As the engine progresses more deeply into its analysis process, it will naturally change the displayed variation as it finds better moves. The operation of the variation board will automatically reflect this; you'll always be playing through the current best variation on this small board. Since the engine will usually frequently "change its mind" early in the analysis process (and thus change the contents of the variation board), it's probably best to wait a while for the engine to settle down a bit before launching the variation board.

If you've finished using the variation board and want to hide it, just right-click again in the engine analysis pane and select "Variation board" a second time. This will remove the variation board from the pane.

Another useful engine feature which can be accessed by right-clicking is "Analyze threat". To understand the output of this feature, we must first define a "threat". I've read a lot of high-flown definitions of the term "threat" in chess books and more than a few writers seem to miss the woods for the trees by overcomplicating their definitions. Simply put, a threat is what a player would do if he were allowed to make two moves in a row. That's it -- there's nothing complicated about it.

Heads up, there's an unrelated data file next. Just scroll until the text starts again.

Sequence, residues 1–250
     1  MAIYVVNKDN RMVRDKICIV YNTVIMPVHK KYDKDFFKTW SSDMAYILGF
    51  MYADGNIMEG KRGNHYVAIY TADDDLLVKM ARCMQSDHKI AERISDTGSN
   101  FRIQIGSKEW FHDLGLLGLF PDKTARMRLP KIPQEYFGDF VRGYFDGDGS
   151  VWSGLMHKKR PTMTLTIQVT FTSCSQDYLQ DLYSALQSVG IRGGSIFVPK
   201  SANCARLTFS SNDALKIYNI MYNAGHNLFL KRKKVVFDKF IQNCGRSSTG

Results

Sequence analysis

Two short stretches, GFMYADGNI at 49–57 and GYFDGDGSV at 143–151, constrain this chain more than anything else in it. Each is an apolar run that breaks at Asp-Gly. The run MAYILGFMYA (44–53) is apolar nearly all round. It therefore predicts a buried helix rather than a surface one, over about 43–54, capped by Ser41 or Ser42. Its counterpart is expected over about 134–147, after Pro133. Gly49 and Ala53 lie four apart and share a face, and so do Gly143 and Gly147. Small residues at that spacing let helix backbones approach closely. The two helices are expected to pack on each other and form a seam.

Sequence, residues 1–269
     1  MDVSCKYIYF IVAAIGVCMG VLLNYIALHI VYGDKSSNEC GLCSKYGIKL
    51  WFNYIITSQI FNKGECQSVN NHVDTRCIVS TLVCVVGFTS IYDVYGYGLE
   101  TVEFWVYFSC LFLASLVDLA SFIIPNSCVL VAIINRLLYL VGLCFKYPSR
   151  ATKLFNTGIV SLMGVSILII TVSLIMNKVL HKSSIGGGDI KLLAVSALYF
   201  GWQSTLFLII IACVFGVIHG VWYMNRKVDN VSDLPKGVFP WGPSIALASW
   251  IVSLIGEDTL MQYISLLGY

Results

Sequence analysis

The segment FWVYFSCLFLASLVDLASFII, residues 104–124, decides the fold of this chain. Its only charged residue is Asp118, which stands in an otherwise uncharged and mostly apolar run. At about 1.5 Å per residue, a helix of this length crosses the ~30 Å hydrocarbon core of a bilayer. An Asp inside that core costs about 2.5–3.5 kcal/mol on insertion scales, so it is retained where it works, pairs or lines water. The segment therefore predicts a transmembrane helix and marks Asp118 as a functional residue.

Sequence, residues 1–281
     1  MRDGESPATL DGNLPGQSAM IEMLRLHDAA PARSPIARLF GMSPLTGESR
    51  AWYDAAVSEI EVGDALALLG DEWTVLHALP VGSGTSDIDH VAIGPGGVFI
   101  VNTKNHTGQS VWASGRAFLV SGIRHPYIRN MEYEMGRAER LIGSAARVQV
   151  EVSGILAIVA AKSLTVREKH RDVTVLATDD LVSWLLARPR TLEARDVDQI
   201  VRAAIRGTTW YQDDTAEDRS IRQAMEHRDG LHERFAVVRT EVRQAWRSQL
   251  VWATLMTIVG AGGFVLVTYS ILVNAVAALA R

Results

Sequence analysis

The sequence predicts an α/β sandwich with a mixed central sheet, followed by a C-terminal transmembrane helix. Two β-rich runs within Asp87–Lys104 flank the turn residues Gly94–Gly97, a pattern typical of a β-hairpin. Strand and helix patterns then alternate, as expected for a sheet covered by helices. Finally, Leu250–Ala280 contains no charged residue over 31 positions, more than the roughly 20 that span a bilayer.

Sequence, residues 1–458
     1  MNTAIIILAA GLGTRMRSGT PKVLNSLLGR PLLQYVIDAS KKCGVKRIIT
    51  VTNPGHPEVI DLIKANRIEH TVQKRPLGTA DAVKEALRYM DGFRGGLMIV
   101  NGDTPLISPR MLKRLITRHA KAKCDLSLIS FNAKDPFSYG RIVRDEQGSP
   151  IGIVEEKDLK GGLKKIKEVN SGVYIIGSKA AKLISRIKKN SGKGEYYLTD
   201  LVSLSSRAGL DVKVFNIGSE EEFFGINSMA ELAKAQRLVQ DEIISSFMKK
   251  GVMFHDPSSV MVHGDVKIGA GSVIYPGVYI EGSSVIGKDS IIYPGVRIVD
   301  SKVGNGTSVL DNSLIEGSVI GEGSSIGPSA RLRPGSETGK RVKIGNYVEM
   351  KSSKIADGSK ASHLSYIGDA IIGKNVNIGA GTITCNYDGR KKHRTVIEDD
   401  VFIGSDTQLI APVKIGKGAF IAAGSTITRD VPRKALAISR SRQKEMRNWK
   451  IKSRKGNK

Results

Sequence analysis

When a player makes a move which establishes a threat, he's requiring his opponent to make a move which stops or neutralizes the threat. If the opponent makes some other move (because he misses the threat) and the first player follows through on the threat, it's as though that first player had indeed made two moves in a row: the first move created the threat while the second move carried it out.

When you right-click in the engine analysis pane and select "Analyze threat", you'll see the engine start analyzing the position from the point of view of the side which just moved -- in other words, it will act as if the moving side is about to make a second move in a row. After all, that is the definition of a threat, right?

Let's look at a really simple example. In the following position, Black has just played 56...Nc3:

 

Next we'll start the engine's analysis; of course we'll notice that the variation begins with a White move since it's White's turn:

 

But watch what happens after we right-click and select "Analyze threat":

 

The engine display changes and the variation it shows now begins with a Black move. It's displaying the threat: what Black would do if he could move twice in a row. And in this instance it's the very obvious 57...Nxb1 (I told you this would be a simple example). But not every threat is as obvious as this one; "Analyze threat" is a great (but often overlooked) tool for answering the often-asked question, "Why did he play that?"

I'll have more on ChessBase Light 2007's engine functions in the next ChessBase Workshop. Until then, have fun!

You can e-mail me with your comments on ChessBase Workshop. All responses will be read, and sending an e-mail to this address grants us permission to use it in a future column. No tech support questions, please.


© 2007, Steven A. Lopez. All rights reserved.